This new January 2009 CD reissue on Celtic Airs/Horslips Records MOOCCD003 (Barcode 5391513560934) of "Happy To Meet, Sorry To Part" by HORSLIPS boasts 5" Octagonal Repro Artwork inside a see-through square plastic holder with a sealable leaf and a title Obi (74:42 minutes). Original LPs have the booklet attached on the inside but in order to reproduce it for CD - Horslips have done it as a separate entity that allows the buyer to appreciate the work on its own. The detail even extends to the outer sleeve being matt (as per the original) while the booklet is stippled. The only downside of course is size - so you really can't read Page 2 of the booklet where each of the boys gives a witty explanation of themselves - but because its done in the Celtic calligraphy and the print is so small - it's hard to read even with glasses. Chris Ellis did the CD artwork and congrats to him...

But the really great news is a remaster by an engineer I rave about a lot - PETER MEW. It was done at Abbey Road and having heard the scratchy record and that last terrible CD - this is a revelation - warmth, clarity and still only the faintest of hiss levels even on the very quiet tracks. An example of how good the remaster sounds are two of the album's many lovely instrumentals - "Flowers Among Them All" on Side 1 and "Ace And Deuce" on Side 2. The first is a Folky jaunt with flutes, Bodhran and Whistles while the second is an acoustic ditty with keyboards - both now sound utterly gorgeous (Horslips did a fantastic remake of "Ace And Deuce" on their 2004 CD "Roll Back" - check it out).

The album opens with the 50-second Irish air and jig "Happy To Meet" with the boys coughing and shouting - then fading into "Hall Of Mirrors" where we get the real Horslips Folk-Rock sound (lyrics from it title this review). The plaintive and Irish-Folky instrumental "The Clergy's lament" follows wigging out into a Rock variant by the song's end. "An Bratach Ban" (I think this roughly translates into The Good Ship) is an old air sun in Gaelic but its eclipsed by the beautiful "Shamrock Shore" often called "Paddy's Green Shamrock Shore" in Folk circles. Paul Brady does a fabulous cover of it on his "Welcome Here Kind Stranger" Irish album from 1978 on Mulligan Records.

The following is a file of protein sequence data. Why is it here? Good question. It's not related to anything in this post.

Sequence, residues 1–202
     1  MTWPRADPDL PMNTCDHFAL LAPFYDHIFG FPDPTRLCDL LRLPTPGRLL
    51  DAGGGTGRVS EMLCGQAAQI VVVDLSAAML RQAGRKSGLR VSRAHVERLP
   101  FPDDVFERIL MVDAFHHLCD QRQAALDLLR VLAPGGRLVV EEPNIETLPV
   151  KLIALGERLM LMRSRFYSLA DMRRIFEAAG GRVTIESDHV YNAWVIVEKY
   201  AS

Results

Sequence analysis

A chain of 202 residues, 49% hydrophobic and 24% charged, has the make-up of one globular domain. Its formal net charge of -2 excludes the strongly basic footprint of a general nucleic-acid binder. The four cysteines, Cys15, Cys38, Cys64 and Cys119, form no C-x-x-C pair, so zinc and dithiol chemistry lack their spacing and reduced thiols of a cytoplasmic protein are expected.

Side 2 opens with a huge fan fave - "Furniture" - one of their own songs mixed in with a familiar Irish air done on Electric Guitar. "Dance To Yer Daddy" and "Scalloway Ripoff" are both near vaudeville in its diddly-idleness - but "The Musical Priest" is probably the best example of their brand of Irish Folk-Rock. It ends on a Traditional note with "Sorry To Part" being pure Irish Folk...

The live tracks are OK - Eamonn Carr getting the crowd going on "The High Reel" and "Rakish Paddy..." - but it all sounds too much like a piss-up in London's Camden Town on a Saturday night and comes as a downer after the loveliness and cool of the album.

I saw Horslips live at a fun fair in a racetrack in Dublin sometime in the Summer of 1972 - they were playing on the back of a small truck and looked so cool it wasn't true. Like Lizzy - they were our (Irish teenagers) first taste of a Rock band we could get our teeth into. But in truth the Irish Folk-Rock of "Happy To Meet, Sorry To Part" won't be everyone's cup of Darjeeling in 2014 - and 41 years after its groundbreaking appeal/event - some might even find parts of it twee and dated.

But the bottom line is that if you love the album and are prepared to explore - then this excellent CD reissue is a vast improvement on what went before - both in presentation and sonically...